Sep 24, 2019 5:47 AM
A Luehmani and a Rianchimaru in Boyfriend Dungeon
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Taking notes, with a stack of books around them. They look a bit bored, but not like they're actively looking for something else to do.

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Yeah, may as well look at the further reading. It'd be rude to interrupt them, anyway.

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There's a selection of books: theories about dunjes and weapons and wielders, laws about dunjes, dunjes in pop culture, psychology of weapons and wielders, guides for the new wielder that model themselves like self-help books...

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Hmm... guides for a new wielder would probably be the most immediately helpful. And also the most embarassing to pick up. But the most useful.

She suppresses her flinch and picks one of them up.

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This one's mostly fluff about finding yourself and developing a good relationship with your weapon. The author seems confused about whether weapons are people or pets.

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Okay that's-- that's pretty creepy. No. Just-- no. Weapons are people and people are people and No. Back to the shelf it goes, where it can stay and hopefully never get picked up again.

The psychology one might be more-- okay, there's a reasonable chance it would just be more Scientific about weapons being pets, but there's also a reasonable chance that it might contain sense. She picks it up.

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This one treats weapons like people! Though it cautions that weapons who are born as weapons sometimes have non-human psychologies. It mostly seems to consist of the author's expounding on the results of a lot of different psychology tests given to benchmark non-wielders and non-weapons, wielders who are not weapons, born weapons, born humans who are weapons but not wielders, and a full two people who are both weapons and wielders. Weapons and wielders both on average score higher than baseline humans on marks of aggression, willingness to physically intervene if they see a problem, extroversion... (Though the author notes that certainly there are shy, introverted weapons who would be too anxious to interfere).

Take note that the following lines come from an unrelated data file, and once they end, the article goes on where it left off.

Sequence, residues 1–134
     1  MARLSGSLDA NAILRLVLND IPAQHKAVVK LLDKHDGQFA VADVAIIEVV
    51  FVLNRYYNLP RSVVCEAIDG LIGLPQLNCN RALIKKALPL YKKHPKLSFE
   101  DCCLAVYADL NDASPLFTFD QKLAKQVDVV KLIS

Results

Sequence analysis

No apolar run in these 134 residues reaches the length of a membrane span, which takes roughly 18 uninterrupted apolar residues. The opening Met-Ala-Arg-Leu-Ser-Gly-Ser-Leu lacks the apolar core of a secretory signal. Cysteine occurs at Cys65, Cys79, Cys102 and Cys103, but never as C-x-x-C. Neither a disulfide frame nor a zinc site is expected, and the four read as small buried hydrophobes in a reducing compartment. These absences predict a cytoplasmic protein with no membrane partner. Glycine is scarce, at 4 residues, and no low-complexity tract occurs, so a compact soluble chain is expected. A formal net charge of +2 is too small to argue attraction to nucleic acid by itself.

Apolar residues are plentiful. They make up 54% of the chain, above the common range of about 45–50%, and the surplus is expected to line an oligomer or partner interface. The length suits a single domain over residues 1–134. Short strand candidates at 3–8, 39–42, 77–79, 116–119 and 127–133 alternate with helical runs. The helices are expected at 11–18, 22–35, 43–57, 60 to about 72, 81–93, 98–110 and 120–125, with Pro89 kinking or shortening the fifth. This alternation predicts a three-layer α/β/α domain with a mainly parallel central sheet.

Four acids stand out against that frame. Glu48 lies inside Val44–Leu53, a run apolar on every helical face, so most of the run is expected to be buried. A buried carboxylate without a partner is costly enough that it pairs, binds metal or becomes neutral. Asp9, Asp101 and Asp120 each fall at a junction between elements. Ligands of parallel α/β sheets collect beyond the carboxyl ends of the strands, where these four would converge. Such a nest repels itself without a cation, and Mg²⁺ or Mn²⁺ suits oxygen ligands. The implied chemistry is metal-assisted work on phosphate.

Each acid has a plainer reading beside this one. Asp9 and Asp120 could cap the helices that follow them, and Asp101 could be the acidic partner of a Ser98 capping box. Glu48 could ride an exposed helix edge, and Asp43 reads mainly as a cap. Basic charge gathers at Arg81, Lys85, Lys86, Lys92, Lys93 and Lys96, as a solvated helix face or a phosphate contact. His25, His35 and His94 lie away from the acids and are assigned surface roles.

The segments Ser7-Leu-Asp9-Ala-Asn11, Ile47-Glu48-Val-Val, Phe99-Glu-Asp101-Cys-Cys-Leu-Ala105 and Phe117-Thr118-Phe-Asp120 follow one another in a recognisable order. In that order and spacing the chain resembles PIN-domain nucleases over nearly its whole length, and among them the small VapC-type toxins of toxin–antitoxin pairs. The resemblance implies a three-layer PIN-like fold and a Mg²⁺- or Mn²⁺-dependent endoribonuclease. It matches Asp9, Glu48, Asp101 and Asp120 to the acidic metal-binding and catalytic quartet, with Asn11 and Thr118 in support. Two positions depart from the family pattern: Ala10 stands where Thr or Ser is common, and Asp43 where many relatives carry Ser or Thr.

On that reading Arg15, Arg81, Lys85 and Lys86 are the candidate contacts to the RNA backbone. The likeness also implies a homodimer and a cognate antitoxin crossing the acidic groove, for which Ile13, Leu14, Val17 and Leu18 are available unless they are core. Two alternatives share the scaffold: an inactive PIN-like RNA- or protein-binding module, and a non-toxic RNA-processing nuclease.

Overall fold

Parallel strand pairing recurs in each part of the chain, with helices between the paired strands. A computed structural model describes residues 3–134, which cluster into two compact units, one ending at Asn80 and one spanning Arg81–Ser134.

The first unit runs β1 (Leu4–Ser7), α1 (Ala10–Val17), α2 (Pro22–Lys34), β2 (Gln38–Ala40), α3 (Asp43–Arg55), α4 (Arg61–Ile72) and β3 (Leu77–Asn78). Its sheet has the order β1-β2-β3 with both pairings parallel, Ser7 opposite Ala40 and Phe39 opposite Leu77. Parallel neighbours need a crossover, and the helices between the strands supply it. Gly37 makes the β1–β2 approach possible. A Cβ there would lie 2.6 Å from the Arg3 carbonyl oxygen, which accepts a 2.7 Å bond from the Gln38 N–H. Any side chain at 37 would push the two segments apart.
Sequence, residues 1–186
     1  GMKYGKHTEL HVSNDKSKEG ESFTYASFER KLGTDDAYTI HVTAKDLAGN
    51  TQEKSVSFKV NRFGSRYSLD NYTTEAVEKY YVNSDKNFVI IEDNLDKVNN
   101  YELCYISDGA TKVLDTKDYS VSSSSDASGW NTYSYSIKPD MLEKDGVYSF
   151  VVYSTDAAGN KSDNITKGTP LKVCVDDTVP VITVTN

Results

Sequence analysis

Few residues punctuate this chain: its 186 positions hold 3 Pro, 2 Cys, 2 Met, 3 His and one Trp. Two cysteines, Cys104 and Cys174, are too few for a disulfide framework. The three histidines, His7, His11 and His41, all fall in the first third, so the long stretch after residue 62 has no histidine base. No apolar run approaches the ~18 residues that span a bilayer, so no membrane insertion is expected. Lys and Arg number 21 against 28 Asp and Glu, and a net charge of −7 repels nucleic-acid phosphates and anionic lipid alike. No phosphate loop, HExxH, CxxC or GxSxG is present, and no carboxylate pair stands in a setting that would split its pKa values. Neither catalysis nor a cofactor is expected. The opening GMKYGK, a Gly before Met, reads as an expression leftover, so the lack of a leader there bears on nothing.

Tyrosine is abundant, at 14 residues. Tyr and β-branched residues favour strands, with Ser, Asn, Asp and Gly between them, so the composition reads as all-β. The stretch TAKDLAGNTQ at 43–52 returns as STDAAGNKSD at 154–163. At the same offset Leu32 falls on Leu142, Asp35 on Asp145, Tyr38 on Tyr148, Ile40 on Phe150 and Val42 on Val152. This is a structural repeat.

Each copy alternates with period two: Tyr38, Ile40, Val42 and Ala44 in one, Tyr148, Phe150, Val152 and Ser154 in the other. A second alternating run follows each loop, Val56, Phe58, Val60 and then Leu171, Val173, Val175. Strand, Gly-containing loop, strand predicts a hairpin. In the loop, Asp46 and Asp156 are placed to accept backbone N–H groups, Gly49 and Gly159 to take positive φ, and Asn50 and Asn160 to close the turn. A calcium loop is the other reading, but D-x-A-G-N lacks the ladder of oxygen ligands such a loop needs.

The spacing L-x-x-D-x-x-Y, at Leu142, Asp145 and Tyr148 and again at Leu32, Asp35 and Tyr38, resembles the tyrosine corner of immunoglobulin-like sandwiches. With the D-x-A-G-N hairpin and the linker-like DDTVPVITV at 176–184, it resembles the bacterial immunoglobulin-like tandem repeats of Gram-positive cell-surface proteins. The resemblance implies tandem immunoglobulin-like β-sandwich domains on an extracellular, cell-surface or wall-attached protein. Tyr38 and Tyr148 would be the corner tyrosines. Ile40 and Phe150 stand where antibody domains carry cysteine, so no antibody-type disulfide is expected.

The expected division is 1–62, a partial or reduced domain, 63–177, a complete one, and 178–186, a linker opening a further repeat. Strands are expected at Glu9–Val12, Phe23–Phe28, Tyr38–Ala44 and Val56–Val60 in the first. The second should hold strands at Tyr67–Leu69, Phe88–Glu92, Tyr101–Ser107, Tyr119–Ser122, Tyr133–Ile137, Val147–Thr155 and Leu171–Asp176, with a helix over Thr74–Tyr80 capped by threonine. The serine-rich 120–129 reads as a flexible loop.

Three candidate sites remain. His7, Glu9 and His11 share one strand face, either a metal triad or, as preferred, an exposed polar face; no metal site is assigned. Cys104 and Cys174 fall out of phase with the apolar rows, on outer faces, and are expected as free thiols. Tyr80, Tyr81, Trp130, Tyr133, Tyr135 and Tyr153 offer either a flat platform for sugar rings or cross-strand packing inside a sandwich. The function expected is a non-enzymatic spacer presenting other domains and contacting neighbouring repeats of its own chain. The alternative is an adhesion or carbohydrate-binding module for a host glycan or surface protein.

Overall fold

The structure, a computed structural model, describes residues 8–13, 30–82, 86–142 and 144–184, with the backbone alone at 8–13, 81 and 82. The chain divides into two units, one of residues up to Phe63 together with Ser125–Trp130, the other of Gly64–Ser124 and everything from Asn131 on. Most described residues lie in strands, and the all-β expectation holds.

Wielders have a statistical skew in favor of people in support careers, like nurses, teachers, and customer service people. Weapons, especially born weapons, seem to have a higher tolerance for isolation than baseline humans. Weapons are significantly more likely to express transhumanist tendencies and desires. Human-born weapons are statistically more likely to be transgender than other humans, and weapons in general are more likely to have a complicated gender identity.

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Weapons and wielders being more aggressive isn't particularly surprising. Especially the wielders. Even if weapons were on average pretty similar to non weapon people-- the wielders are the people who chose to pick up weapons, presumably to use them in an aggressive manner. It's not a surprise.

(Though higher willingness to physically intervene if they see a problem-- that's her. That's her to a T. She is a statistically average weapon and/or wielder. Damnit.)